Montana Code School Expands to Bozeman, Welcomes New Lead Instructor

May 13, 2016

MISSOULA – With the Montana Code School at the University of Montana set to expand services to the Bozeman area later this month, the program has announced the hiring of Nicholas Marucci as the new lead instructor.

“I speak on behalf of the entire Montana Code School team that we are extremely fortunate and thrilled to have Nick – who comes with a wealth of knowledge and life experience – join our team,” said Kelly Nash, executive director of Montana Code School. “We know he will play an instrumental role in not only instructing, but helping move Montana Code School forward with new and innovative ideas.”

Montana Code School, a 12-week, intensive computer programming boot camp that got its start in Missoula in 2015 and will begin its inaugural class in Bozeman on Monday, May 23, creates a pipeline of talent for the technology community. The code school’s mission is to address the acute and immediate need for computer programmers to serve Montana’s booming tech sector by training the next generation of talent. 

Marucci is no stranger to the intensive boot camp method of learning, having attended DevMountain in Provo, Utah. Proficient in web development, he also has extensive experience in computer languages such as CSS, HTML and JavaScript.

“I am excited to join the team,” Marucci says. “I am excited to start my career in Bozeman as the lead instructor. It looks like I will have a substantial influence on the future and growth of Montana Code School.”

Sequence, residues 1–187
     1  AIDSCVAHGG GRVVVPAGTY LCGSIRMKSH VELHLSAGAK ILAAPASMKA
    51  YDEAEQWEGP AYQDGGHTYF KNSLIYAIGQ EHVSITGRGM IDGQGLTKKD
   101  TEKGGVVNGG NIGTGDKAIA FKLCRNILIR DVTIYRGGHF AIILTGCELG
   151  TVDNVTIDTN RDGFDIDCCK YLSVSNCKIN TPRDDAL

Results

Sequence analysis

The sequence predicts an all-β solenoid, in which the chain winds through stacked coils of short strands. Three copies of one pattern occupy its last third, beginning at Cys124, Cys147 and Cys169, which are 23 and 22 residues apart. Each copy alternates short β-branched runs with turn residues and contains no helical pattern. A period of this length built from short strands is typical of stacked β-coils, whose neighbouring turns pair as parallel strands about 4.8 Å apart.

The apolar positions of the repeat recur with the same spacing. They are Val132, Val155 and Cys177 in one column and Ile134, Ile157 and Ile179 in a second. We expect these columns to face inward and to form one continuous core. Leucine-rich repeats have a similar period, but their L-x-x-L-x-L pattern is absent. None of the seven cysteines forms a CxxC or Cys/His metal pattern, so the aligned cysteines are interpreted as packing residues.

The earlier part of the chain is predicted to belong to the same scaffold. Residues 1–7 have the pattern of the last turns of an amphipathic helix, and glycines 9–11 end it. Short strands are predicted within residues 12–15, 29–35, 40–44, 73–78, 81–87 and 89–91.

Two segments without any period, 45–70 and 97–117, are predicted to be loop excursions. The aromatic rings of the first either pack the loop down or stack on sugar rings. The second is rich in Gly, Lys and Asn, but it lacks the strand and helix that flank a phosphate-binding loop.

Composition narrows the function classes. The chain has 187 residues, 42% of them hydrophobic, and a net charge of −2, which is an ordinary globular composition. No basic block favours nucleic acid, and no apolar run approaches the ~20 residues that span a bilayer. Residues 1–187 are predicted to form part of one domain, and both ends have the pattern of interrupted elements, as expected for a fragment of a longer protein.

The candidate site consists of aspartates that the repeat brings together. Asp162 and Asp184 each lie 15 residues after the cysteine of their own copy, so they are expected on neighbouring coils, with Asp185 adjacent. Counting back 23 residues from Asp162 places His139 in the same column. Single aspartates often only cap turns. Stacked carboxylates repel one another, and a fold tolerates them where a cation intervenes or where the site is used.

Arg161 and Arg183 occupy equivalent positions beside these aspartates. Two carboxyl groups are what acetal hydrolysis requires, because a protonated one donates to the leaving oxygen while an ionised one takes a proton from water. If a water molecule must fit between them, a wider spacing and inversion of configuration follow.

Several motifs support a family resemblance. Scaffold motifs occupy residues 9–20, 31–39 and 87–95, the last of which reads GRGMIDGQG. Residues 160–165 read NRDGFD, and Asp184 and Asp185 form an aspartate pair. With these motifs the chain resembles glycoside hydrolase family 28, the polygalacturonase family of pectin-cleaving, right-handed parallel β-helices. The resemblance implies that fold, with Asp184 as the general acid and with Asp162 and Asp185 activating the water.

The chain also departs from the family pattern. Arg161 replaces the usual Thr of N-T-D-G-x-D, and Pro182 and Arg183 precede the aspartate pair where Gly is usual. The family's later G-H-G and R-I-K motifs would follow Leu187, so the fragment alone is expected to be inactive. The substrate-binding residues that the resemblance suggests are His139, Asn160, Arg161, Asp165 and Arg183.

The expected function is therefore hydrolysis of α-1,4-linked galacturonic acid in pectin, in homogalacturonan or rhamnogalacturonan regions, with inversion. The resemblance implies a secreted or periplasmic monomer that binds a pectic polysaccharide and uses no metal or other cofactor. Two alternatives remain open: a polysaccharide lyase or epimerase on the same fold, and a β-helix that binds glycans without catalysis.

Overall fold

Marucci started his career with the U.S. Marine Corps, so he is well-versed in intensive learning atmospheres. He ended his career with the Marines in 2009 and enrolled in college, graduating in 2012 from the University of Buffalo with a bachelor’s degree in mechanical engineering.

He interned with General Motors Components Holding LLC, then worked with Parker Hannifin Corp.’s Parflex Division, from June 2012 to November 2015. He then enrolled at DevMountain.  

“After being involved for many years in the manufacturing industry, I found it to be very conservative and old-fashioned,” Marucci said. “I had always been good with computers, and I wanted to find myself in a more forward-thinking and experimental environment. So, while working as a new product development engineer, I took on an online HTML and CSS class. During this class, I became super excited about what it did and what else I could do. It was really inspiring because I love creating interesting, beautiful things – whether that be a home project, a painting of mine or a digitally rendered webpage.

“I love the experience of teaching people new things,” Marucci said. “Early on in my career, I was actually considering being a math teacher. Getting into web development, I find that I can combine my logical engineering mind with my creative, experimental spirit. And seeing the face of a student, when I help them over a hurdle, is priceless. I am inspired and it is so fulfilling when a student realizes that, while coding is hard, they have the ability and are fully capable of being a great web developer.”

For more information visit http://www.montanacodeschool.com/.

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Contact: Kelly Nash, Montana Code School executive director, 406-948-2633, media@montanacodeschool.com.